On Monday, the Community Security Trust said that, in the ten days since the Hamas attack on Israel (News, 9 October), it had recorded at least 320 anti-Semitic incidents across the UK, compared with 47 over the same period last year: “These are all instances of anti-Jewish racism, wherein offenders are targeting Jewish people, communities, and institutions for their Jewishness. In many cases, these hateful comments, threats to life and physical attacks are laced with the language and symbols of pro-Palestinian and anti-Israel politics.”

These included 15 assaults and 14 incidents of damage and desecration to Jewish property, and 244 instances of “abusive behaviour”, including verbal abuse, graffiti on non-Jewish property, hate mail, and online abuse. Examples included a sticker plastered on a synagogue showing the Prime Minister saying: “I stand with genocide.”

Two Jewish schools in north London have been daubed with red paint, Shomrim Stamford Hill, a neighbourhood group, has reported. Hackney Police confirmed on Monday that it was investigating both incidents as hate crimes.

Last Friday, the Metropolitan Police said that there had been a “massive increase” in anti-Semitic incidents reported to the police in London. Between 30 September and 13 October, there had been 105 incidents and 75 offences, compared with 14 and 12 in the same period last year.

The deputy assistant commissioner, Laurence Taylor, said that incidents included intimidation outside synagogues and loudly playing German military music.

On Monday, Archbishop Welby wrote on social media: “The cancer of anti-Semitism must not be allowed to spread in the UK. I stand in full solidarity with the Jewish community in the face of the disgraceful hatred and prejudice we’re seeing on our streets, online and on campuses.

“We cannot tolerate such hatred. It’s our moral responsibility to reject it — and unite in resistance to it.”

On Saturday, the Prime Minister said: “We’ve seen intimidating behaviour and shameful anti-Semitism online and on our streets with attempts to stir up tensions. I say: not here. Not in Britain. Not in our country. Not in this century. We will do everything we possibly can to protect Jewish people in our country. And if anything is standing in the way of keeping the Jewish community safe, we will fix it.

“I am unequivocal. We stand with Israel, not just today, not just tomorrow, but always. And I stand with you, the British Jewish community, not just today, not just tomorrow, but always.”

On Wednesday of last week, Mr Sunak joined the Chief Rabbi, Ephraim Mirvis, at a vigil at Finchley United Synagogue.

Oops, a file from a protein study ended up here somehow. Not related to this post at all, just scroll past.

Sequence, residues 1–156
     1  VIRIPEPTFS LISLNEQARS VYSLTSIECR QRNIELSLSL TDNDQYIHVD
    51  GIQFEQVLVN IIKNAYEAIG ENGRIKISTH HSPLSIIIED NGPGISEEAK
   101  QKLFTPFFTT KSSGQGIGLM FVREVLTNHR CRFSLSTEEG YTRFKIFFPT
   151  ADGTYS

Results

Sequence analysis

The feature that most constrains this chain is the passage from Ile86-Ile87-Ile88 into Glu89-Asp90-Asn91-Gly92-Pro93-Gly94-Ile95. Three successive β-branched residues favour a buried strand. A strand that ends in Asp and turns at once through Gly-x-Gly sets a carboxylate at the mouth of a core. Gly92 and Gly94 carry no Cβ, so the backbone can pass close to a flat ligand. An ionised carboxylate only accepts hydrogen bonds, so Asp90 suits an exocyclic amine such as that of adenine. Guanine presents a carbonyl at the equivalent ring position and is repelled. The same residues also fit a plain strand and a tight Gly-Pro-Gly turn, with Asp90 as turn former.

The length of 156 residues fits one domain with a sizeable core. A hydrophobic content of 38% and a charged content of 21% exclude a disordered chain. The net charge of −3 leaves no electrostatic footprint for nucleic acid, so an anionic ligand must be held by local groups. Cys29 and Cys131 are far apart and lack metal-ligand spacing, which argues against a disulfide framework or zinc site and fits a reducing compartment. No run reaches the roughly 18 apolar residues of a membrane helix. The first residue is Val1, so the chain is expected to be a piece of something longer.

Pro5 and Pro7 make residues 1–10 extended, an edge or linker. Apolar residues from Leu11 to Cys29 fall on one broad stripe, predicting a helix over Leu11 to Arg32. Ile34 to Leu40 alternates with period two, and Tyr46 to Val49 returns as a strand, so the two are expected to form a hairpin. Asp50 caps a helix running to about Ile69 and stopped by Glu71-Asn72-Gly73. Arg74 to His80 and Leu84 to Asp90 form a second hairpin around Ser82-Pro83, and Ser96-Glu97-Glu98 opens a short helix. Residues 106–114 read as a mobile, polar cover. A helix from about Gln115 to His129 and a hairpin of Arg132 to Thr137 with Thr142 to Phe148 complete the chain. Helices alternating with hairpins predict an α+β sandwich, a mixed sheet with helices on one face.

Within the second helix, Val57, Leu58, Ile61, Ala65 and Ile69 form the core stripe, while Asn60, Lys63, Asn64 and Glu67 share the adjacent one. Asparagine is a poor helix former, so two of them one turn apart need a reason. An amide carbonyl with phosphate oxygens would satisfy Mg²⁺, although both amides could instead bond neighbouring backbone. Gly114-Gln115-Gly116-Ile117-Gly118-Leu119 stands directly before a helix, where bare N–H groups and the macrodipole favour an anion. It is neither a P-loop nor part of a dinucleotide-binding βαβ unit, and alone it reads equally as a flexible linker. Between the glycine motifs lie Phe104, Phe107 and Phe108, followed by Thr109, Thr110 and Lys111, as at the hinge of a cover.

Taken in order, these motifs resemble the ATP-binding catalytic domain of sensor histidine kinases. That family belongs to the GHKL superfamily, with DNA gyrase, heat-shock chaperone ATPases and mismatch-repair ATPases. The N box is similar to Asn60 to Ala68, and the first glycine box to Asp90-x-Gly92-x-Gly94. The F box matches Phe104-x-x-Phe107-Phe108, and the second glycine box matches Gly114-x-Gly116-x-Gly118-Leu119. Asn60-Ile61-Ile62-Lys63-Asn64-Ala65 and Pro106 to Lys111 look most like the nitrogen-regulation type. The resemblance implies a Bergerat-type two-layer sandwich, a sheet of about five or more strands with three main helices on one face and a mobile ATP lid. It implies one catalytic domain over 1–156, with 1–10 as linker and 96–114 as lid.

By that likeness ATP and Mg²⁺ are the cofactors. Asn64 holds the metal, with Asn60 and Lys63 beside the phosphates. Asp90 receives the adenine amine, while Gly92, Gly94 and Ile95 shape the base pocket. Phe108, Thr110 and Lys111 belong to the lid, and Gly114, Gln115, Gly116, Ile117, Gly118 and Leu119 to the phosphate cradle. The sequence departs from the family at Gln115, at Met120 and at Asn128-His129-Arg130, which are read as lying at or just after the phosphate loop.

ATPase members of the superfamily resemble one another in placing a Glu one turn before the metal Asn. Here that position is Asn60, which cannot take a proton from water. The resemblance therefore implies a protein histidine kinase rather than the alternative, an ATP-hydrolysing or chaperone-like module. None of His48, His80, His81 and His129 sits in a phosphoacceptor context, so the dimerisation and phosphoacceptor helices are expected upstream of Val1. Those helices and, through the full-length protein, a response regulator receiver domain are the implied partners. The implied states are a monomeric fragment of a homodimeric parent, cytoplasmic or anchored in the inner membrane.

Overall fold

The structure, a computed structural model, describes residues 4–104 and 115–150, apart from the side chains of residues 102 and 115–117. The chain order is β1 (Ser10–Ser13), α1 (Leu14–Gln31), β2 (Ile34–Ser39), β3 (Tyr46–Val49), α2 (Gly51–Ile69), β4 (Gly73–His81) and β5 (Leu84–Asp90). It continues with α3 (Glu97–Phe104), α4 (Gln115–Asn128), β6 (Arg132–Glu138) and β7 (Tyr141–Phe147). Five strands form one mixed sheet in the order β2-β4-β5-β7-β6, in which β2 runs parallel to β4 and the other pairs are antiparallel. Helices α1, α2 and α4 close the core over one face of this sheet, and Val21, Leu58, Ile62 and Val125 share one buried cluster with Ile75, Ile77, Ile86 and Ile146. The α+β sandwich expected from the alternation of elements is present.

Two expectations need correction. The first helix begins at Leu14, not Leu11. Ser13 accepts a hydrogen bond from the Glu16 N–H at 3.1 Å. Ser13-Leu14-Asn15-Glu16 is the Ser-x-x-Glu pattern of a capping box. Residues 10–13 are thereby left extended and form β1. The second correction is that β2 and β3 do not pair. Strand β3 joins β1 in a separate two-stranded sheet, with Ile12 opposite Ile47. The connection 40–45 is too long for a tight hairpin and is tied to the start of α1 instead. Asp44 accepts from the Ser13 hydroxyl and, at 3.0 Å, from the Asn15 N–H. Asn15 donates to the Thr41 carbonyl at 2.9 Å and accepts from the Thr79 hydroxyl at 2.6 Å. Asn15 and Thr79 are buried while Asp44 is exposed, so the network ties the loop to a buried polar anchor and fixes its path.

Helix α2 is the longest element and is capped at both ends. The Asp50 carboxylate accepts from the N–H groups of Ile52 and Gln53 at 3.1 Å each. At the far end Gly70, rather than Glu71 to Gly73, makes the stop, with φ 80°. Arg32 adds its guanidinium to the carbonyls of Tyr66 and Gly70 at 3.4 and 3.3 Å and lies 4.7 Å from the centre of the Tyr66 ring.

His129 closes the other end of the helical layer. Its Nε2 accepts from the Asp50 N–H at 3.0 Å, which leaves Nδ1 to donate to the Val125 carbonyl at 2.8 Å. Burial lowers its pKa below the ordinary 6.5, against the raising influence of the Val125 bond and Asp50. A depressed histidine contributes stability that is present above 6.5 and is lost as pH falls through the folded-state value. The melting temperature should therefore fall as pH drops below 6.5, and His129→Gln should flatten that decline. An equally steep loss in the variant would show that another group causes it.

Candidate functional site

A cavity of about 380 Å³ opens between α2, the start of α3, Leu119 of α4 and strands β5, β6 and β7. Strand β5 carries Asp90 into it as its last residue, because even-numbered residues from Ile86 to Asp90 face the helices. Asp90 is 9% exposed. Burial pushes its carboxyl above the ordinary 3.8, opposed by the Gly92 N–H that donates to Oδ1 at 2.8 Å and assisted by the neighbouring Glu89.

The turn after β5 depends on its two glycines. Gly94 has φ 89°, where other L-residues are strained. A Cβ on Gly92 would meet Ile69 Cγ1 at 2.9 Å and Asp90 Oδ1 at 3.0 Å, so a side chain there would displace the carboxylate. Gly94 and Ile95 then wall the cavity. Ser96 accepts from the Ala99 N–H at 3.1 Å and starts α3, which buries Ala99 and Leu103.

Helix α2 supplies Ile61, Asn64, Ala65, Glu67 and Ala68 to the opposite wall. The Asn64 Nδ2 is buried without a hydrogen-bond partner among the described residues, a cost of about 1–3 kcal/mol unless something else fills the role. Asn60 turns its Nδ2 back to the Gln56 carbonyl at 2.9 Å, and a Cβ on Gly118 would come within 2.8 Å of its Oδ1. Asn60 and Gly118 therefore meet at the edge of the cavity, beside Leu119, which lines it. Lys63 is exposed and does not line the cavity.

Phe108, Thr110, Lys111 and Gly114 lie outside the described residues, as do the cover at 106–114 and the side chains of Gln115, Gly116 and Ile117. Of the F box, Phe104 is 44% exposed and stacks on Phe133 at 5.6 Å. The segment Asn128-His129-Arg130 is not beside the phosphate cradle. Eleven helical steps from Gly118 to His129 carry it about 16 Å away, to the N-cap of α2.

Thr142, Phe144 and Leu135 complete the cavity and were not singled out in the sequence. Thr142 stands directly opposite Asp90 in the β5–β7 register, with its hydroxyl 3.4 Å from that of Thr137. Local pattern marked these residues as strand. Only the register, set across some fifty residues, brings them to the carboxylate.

Last week, the Chief Rabbi issued a statement criticising the decision by media outlets not to use the term “terrorist” to describe Hamas. “It should be painfully obvious that there is no moral equivalence between those whose motive is to deliberately target innocent civilians in cold blood, and those whose motive is to remove the threat of such murderers,” he wrote on social media. “The fact that this discussion is necessary at all is a clear sign that we are losing our moral compass and of the warped nature of the depths to which discourse on Israel has sunk.”

Writing in The Times on Saturday, Rabbi Wittenberg wrote: “Our support for Israel in its battle against Hamas is stalwart. It must be made unequivocally clear that Hamas is a terrorist organisation, not the liberator of Palestine.”

He continued: “The people of Gaza are, in a different way, also hostages to Hamas. Half of them are children under 18. The vast majority doubtless want to live, as we do, in freedom and with hope. I fear for them, in the battle that has begun. I pray that as few civilians as possible are killed. . .

“Yet Hamas must be defeated. I pray for the Israeli soldiers who face that terrible task. At the same time, I worry about what defeating a terrorist organisation, fed by its radicalising ideologues, really means. Weapons are now an evil necessity. But war alone cannot achieve the essential objective of ending terror, and many more are likely to die. All around, people are expressing their anxious concern, for all life.”

On the day after the Hamas attacks in Israel, the Muslim Council of Britain warned of “the risk that at times like these both Islamophobia and Anti-Semitism rise. We must be proactive to ensure that this is not the case and our communities can come together for the common good.”

With the UN warning of a humanitarian crisis in Gaza, the Archbishop of Canterbury had pleaded “that the sins of Hamas are not borne by the citizens of Gaza”, and warned that the enclave’s hospitals were “facing catastrophe”  (News, 15 October).